Shopper Research

Eye tracking provides insight into shopper behavior that is extremely valuable in determining how to most successfully position products, signage, marketing, displays, and virtually any other element of the store.

Why eye tracking in shopper studies?

Eye tracking helps you discover:

  • How shoppers navigate through or browse the aisles of a store during authentic shopping tasks
  • What attracts shoppers' attention at the point of purchase
  • Which visual elements are noticed
  • Which visual elements are ignored
  • What elements help shoppers at different stages in the decision process
  • How shoppers interact with products on the shelf

Understand consumer behavior

Consumer behavior is a complex and dynamic cognitive process. Eye tracking captures shoppers' habitual and subconscious behavior naturally and without bias, which gives researchers a deeper understanding of consumer actions. This methodology objectively reveals what attracts attention, eliminating social desirability bias or errors that may occur when relying solely on recall.

Wearable eye tracking enables the researcher to understand the entire shopper experience in either a real or simulated store.

A woman wearing Tobii Pro Glasses 2 looks at an oil bottle.
A woman wearing Tobii Pro Glasses 2 moves along the aisle.

Ensuring marketing effectiveness

Insights about different aspects of the shopper journey are helpful to marketers in optimizing their communication elements in order to drive sales.

Wearable eye tracking is useful in a broad range of in-store research: campaign effectiveness, brand valuation, path of shopper studies, product placement, and evaluation of POP material and signage. This tool is also commonly used in store planning, space and category management-related research, as well as consumer profiling.

Experience the store through the eye of the shopper

Wearable eye tracking from data collection to analysis of data

Marketing and Consumer Research

Tobii Pro offers hardware and software, along with training and support, for a variety of different types of marketing and consumer research. Our eye trackers allow you to study any type of digital interface, from traditional computer screens to mobile devices, or you can bring your research into real-world environments using our wearable technology.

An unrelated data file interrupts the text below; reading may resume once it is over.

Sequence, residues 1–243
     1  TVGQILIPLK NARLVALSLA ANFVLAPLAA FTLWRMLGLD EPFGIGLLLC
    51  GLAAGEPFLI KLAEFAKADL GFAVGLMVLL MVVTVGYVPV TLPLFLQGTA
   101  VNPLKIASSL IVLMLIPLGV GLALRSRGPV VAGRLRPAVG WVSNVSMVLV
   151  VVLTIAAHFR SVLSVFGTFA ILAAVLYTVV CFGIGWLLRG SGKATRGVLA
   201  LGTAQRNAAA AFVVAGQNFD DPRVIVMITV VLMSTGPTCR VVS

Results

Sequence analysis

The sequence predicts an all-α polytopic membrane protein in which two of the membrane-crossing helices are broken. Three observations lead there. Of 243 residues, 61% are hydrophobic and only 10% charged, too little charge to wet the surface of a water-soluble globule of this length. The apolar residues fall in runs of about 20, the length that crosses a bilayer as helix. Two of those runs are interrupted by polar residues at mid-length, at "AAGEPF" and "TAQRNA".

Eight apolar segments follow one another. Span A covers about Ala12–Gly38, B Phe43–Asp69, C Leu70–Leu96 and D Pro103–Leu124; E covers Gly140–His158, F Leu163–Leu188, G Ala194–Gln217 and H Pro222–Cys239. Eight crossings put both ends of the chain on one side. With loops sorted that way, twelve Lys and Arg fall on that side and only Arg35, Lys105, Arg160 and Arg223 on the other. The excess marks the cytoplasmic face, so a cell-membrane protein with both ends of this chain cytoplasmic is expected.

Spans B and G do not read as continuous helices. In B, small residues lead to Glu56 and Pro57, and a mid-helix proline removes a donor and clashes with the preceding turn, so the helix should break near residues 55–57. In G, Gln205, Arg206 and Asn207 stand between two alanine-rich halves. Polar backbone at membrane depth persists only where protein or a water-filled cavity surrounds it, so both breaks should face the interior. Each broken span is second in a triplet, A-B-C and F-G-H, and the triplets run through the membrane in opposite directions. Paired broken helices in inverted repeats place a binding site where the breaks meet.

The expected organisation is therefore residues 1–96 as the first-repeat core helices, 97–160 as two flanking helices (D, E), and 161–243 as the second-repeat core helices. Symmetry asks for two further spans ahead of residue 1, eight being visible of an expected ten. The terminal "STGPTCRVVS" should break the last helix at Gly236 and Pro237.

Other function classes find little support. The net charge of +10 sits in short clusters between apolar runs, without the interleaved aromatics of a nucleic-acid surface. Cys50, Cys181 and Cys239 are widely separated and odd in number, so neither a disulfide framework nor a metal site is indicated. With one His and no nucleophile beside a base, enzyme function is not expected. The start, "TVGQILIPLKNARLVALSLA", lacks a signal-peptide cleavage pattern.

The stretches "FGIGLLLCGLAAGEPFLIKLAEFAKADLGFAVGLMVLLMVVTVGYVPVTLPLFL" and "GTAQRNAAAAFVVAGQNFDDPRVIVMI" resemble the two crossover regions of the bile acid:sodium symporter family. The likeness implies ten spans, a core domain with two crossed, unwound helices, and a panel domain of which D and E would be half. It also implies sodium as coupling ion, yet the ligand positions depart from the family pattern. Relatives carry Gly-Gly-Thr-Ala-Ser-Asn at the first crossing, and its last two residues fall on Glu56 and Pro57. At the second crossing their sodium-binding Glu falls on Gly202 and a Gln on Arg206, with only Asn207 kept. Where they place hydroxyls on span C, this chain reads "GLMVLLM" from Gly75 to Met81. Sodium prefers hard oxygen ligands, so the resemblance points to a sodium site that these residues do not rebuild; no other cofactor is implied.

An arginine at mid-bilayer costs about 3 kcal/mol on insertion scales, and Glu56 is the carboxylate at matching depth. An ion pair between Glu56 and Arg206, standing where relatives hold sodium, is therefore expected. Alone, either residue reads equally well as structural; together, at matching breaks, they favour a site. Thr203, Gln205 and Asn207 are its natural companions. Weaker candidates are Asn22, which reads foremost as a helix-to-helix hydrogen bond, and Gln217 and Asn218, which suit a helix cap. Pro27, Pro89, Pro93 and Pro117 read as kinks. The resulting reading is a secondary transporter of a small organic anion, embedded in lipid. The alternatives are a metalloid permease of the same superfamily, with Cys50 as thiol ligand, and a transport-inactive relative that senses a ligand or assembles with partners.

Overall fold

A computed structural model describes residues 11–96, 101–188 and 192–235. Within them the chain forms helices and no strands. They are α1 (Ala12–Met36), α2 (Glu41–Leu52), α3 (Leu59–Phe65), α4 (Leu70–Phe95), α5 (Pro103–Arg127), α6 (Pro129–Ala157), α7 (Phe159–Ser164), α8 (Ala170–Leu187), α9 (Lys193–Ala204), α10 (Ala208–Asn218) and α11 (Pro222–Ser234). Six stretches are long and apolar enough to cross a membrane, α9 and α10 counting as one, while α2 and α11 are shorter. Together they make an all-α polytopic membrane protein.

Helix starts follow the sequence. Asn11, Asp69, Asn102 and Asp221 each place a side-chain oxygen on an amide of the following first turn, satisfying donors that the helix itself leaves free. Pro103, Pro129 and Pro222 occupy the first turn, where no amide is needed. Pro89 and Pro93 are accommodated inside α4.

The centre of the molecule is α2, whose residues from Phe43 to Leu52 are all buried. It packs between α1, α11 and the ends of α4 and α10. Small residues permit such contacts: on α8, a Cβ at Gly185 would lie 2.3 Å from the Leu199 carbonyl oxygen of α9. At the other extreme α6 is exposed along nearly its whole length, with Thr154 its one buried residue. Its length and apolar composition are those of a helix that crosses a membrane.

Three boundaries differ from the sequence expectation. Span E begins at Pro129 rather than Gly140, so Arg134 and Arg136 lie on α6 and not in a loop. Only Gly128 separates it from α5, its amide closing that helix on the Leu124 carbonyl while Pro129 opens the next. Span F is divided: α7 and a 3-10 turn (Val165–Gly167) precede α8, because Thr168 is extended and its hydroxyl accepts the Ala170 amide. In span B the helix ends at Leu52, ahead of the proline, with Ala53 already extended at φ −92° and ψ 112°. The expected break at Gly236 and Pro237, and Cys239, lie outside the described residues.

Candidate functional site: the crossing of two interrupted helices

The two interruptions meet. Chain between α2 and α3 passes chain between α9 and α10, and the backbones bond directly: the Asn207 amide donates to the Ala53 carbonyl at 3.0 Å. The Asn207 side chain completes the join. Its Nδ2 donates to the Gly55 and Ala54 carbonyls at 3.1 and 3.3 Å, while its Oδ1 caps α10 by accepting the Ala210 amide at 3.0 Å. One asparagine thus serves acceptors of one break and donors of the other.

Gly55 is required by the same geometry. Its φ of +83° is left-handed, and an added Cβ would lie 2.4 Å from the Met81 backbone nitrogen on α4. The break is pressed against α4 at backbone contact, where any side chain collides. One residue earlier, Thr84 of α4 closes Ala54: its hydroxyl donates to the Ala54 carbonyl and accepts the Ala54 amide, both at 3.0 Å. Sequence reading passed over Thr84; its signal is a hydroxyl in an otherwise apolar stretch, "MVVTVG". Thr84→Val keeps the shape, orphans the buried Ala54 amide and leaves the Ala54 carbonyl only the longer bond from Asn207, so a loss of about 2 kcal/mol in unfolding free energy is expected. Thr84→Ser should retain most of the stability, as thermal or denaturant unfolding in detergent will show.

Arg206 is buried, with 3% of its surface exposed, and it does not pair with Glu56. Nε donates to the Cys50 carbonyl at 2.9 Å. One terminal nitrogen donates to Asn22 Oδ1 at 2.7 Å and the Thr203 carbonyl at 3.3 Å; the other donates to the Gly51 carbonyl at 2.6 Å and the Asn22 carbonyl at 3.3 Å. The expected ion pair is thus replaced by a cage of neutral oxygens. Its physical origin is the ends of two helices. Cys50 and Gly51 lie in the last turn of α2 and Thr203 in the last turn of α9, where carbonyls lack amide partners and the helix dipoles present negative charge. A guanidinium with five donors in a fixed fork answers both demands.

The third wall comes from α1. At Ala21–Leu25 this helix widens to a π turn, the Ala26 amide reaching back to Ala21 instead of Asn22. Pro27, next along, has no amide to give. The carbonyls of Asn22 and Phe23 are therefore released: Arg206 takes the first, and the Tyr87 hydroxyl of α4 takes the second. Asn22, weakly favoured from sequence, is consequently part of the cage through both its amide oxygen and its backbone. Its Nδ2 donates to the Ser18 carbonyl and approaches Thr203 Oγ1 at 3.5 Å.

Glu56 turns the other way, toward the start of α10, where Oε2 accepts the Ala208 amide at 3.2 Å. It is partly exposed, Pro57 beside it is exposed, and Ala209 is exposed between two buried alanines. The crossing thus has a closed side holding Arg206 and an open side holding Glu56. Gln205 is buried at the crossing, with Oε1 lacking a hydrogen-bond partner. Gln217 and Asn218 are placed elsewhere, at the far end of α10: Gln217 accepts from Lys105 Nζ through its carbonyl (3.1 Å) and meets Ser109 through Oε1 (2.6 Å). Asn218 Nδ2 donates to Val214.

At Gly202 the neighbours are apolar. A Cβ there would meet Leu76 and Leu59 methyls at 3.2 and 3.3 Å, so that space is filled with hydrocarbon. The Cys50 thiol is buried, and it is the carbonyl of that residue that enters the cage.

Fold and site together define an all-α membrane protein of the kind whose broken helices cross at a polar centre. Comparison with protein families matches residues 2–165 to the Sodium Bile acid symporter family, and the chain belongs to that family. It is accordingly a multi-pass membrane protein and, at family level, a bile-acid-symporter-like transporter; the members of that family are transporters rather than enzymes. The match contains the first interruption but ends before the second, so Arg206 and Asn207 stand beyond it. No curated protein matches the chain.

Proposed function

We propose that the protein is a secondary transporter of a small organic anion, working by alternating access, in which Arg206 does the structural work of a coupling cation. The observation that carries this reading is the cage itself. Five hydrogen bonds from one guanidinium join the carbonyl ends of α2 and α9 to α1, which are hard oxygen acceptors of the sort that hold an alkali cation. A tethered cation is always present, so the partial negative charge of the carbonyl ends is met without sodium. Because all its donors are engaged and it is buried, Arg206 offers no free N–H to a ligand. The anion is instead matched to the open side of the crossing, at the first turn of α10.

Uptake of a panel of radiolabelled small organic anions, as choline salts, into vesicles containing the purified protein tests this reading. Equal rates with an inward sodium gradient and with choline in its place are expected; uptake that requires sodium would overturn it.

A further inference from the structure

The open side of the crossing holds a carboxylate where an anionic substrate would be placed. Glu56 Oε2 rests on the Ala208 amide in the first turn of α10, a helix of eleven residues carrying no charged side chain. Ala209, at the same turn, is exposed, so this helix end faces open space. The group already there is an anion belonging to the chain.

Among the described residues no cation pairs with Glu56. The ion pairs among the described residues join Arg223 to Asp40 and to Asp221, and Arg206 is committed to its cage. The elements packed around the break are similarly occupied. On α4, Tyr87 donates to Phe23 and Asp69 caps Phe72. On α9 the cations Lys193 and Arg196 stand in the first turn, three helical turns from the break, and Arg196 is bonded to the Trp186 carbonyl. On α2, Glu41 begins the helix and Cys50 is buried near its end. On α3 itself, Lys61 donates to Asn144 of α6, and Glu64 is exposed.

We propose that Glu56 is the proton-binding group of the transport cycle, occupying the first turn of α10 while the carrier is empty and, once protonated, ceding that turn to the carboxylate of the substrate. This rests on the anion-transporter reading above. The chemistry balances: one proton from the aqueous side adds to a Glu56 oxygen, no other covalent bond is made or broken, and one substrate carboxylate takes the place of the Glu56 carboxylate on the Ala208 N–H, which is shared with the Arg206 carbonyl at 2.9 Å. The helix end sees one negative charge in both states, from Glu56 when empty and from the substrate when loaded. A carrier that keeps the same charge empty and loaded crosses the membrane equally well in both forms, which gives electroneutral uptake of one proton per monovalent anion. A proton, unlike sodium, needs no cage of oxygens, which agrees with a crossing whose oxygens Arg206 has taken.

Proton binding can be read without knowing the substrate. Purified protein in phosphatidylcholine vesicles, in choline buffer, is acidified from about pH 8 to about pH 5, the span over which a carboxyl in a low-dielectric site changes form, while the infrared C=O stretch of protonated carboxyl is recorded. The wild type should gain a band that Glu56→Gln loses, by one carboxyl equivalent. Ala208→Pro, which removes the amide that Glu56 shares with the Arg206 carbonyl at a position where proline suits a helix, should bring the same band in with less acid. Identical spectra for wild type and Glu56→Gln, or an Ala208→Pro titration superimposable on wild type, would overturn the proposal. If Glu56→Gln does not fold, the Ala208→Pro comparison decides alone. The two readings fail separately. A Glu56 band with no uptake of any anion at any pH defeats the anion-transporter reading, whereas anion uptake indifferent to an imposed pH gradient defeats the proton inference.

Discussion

We also offer research services to market research companies and brand owners who prefer having the our eye tracking experts run the entire project for them, from design and recruitment to execution and analysis. Read more


Karlstad University

The Service Research Center (CTF) at Karlstad University used Tobii Pro Glasses 2 in two different pilot studies regarding retail and consumer behavior. They focused on visual attention and the factors influencing consumer decision making at the point of purchase. Read more

ET Research

In this shopper study by Hungarian company ET Research, eye tracking was used to explore the influence of in-store movement and walking direction on the visual attention paid to placements, displays and communication messages. The results demonstrated how hard-to-break habitual routes significantly impact gaze orientation. Read more

Sense Envirosell

Sense Envirosell wanted to measure the impact and visibility of in-store communication and shoppers' behavior, and turned to Tobii Pro Insight to carry out an eye tracking study. Consumers did their shopping in a real world scenario at their regular supermarket and. Envirosell gained both an explorative and a qualitative understanding of the shoppers' visual interactions with sales materials inside the store. Read more

  • Popa, L., Selejan, O., Scott, A., Mureşanu, D. F., Balea, M., & Rafila, A. (2015). Reading beyond the glance: eye tracking in neurosciences. Neurological Sciences. doi:10.1007/s10072-015-2076-6
  • Cian, L., Krishna, A., & Elder, R. S. (2014). This Logo Moves Me: Dynamic Imagery from Static Images. Journal of Marketing Research, 51(2), 184–197.
  • Purucker, C., Sprott, D. E., & Herrmann, A. (2013). Consumer response to car fronts: eliciting biological preparedness with product design. Review of Managerial Science. doi:10.1007/s11846-013-0116-2

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